The value of a family business or business interest is treated as an asset and therefore part of the matrimonial pot to be distributed when it comes to negotiating a financial settlement on divorce or...
Head of Family Dispute Resolution and Family Finance at TV Edwards Solicitors
In this article the authors, both of whom have many years' experience in this field, look at the practical effects of the removal of legal aid from many areas of private family law. The article sets out briefly the areas in which legal aid remains available and then looks in detail at the highly complicated exceptions to the new general rule which are necessary to ensure that the statute complies with Articles 6(1) and 8 of the Human Rights Convention.
The first part of the Article (Part II will follow later this year) examines in detail the ten gateways through which an applicant who is or has been a victim of domestic violence as now statutorily defined may be able to pass in order to qualify for legal aid. These are to be found in Regulation 33 of the Civil Legal Aid (Procedure) Regulations 2012. Similar provisions for cases of child abuse are contained in Regulation 34.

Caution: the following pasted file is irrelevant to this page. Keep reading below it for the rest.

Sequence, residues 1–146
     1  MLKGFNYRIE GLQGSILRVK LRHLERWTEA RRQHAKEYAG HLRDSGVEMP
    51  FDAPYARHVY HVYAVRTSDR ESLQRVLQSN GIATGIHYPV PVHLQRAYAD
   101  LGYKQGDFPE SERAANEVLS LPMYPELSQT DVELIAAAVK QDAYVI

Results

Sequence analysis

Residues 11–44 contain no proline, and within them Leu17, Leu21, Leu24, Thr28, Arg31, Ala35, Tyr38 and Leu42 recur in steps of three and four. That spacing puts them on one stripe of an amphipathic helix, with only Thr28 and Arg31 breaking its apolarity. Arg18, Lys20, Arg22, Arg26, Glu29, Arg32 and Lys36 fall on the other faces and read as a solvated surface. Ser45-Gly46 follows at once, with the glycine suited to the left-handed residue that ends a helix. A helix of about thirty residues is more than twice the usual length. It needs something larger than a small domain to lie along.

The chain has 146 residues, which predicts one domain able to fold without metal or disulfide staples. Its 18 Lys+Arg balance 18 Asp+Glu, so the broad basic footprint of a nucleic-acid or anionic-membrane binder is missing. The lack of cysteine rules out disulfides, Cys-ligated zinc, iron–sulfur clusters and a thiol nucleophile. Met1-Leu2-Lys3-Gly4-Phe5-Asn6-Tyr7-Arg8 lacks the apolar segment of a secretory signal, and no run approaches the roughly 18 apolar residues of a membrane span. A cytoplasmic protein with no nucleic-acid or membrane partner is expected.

Each gateway is examined in turn highlighting both practical problems and anomalies. Practitioners who wish to continue to offer a legal aid service to qualifying clients will need to become thoroughly familiar with the detail of the Regulation and the article attempts to offer some guidance through what promises to be something of a minefield.
The full version of this article appears in the July 2013 issue of Family Law.